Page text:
Genealogists are great at documenting our ancestors’ lives but not so great documenting our own. I’ll write about what I’ve been doing the past week. This idea came from Randy Seaver of Genea-Musing, who started this meme.

Genealogy
Blog Writing:

Webinars/Study Groups Attended: 
I attended no webinars or study groups this week.

Client Work:
I had a vital record pull in Contra Costa County this week.

Volunteer Work:
I entered accessioned items into Past Perfect at the History Center on Tuesday, and worked a few hours at the Oakland FamilySearch Library on Wednesday.

On Saturday, I was part of a team from the California Genealogical Society who offered genealogy consultations for the Nichi Bei Pilgrimage to Wakamatsu, which is outside of Placerville. I had four consultations from a variety of people—most looking for information about their parents or grandparents. Using Ancestry.com, I would find records such as census, draft cards, funeral information, and death certificates. Everyone was excited to see the information and some was new to them.  One woman was looking for information on the three unnamed women buried in the Japanese cemetery in Colma, California. They were suspected of being prostitutes who died perhaps of the plague in 1901. She found a book that gave a clue to their identity and location of their residence. So I searched the 1900 census in San Francisco using the address and birthplace of Japan in the index. We found a possible brothel near that address with seven women working as prostitutes. At first I didn’t think we had a chance to find them. All in all, I think everyone was happy with what we found for them and we hope they can continue the search in the future.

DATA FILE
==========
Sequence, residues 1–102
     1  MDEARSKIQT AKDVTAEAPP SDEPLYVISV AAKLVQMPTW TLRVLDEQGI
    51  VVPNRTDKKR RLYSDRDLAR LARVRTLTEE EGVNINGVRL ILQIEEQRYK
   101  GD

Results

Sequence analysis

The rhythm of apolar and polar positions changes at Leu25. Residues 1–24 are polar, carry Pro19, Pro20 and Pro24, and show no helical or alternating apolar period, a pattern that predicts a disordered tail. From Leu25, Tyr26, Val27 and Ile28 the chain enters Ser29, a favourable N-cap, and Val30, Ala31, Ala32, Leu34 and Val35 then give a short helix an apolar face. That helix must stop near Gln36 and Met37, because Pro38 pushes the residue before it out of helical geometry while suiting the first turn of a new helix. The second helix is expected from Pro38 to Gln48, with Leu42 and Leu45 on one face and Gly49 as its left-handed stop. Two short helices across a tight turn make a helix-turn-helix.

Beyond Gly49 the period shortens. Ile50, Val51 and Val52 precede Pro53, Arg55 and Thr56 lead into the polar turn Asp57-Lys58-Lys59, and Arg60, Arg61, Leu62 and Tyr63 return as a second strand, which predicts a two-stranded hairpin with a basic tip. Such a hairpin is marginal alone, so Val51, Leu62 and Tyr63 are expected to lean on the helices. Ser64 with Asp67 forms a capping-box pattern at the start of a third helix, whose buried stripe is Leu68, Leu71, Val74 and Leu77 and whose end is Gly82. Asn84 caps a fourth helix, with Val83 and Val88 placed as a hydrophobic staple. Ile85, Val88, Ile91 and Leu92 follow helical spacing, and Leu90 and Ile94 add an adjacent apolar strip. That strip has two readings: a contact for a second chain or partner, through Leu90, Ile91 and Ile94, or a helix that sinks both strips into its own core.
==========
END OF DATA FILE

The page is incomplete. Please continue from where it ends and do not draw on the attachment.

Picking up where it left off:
Own Work:
I did some research on Amos Gorrell to help write the two blog posts about him this week. I met with Jacqueline and we worked at the Walnut Creek Library on our own projects for a few hours before breaking for an early dinner. I really like the idea of planning our meet-ups to work on our genealogy. It also gives each of us a sounding board for questions and problem-solving.